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Full text of "Memoirs Of Joseph Grimaldi"

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attention of the house engaged, while the last scene, which was
a very heavy one, was being " set up." Now, if any fresh com-
batant had been ready in Grimaldi's place, very probably the
piece might have gone off as well as it had theretofore, but
Kemble, who was then stage-manager, as has been before stated,
totally forgetting the reason of the combat's introduction, omit-
ted to provide any substitute. The omission was pointed out at
rehearsal, and then he gave directions that it should be altogether
dispensed with.

The effect of this order was very unsatisfactory both to himself
and the public.

There was a very full house at night, and the play went off as
well as it could, and so did the afterpiece up to the time when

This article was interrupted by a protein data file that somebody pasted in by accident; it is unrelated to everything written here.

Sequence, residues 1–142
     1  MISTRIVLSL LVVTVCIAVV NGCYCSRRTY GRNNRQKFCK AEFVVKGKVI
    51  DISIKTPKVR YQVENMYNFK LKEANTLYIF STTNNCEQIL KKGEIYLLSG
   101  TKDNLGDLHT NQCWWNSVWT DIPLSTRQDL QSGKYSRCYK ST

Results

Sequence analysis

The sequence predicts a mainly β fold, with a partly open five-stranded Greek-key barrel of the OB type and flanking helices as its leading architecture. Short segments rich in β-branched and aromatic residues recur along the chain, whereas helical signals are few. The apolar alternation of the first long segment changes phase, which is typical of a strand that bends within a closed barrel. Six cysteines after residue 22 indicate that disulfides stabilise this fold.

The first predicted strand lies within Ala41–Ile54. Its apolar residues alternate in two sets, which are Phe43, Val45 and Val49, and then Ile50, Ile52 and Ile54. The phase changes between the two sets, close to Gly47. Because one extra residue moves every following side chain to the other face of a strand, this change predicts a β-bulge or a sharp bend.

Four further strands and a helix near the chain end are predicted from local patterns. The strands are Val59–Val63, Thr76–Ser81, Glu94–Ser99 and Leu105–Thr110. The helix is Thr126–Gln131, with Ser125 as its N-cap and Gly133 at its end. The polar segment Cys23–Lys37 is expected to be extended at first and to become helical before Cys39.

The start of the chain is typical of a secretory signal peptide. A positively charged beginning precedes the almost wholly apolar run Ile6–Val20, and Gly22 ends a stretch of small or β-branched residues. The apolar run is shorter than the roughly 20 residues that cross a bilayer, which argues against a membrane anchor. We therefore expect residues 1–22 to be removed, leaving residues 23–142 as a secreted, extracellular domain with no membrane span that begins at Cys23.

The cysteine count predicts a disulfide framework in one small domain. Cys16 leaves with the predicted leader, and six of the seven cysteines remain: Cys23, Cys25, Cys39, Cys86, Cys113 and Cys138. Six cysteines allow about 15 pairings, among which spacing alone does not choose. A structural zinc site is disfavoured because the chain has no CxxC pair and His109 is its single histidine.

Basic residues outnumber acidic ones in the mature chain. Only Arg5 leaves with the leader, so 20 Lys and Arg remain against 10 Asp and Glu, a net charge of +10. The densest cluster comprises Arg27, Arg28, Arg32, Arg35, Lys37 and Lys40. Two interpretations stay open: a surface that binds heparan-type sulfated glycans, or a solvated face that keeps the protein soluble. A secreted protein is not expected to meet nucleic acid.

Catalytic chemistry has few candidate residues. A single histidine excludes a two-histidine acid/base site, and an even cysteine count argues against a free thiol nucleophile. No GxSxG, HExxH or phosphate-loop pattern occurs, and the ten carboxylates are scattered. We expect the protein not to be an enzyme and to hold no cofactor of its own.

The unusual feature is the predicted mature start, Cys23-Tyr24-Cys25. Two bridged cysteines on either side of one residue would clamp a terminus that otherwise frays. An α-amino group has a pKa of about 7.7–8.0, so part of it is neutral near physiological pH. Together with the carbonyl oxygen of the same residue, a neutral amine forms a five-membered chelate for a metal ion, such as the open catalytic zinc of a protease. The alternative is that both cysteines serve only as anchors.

the last scene should have been displayed; but here the stage-
manager discovered his mistake too late. The last scene was
not ready, it being quite impossible to prepare it in time, and
the consequence was, that the audience, instead of looking at the
combat, were left to look at each other or at the empty stage, as
they thought fit. Upon this, there gradually arose many hisses
and other expressions of disapprobation, and at last some play-
goer in, the pit, who all at once remembered the combat, shouted
out very loudly for it. The cry was instantly taken up and
became universal: some demanded the combat, others required
an apology for the omission of the combat, a few called upon
Kemble to fight the combat himself, and a scene of great com-
motion ensued. The exhibition of the last scene, instead of
allaying the tumult, only increased it, and when the curtain fell,
it was in the midst of a storm of hisses and disapprobation.

It so happened that Sheridan had been sitting in his own
private box with a party of friends all the evening, frequently
congratulating himself on the crowded state of the house, and
repeatedly expatiating upon the admirable manner in which
both pieces went off. He was consequently not a little annoyed
at the sudden change in the temper of the audience; and notor upwards of a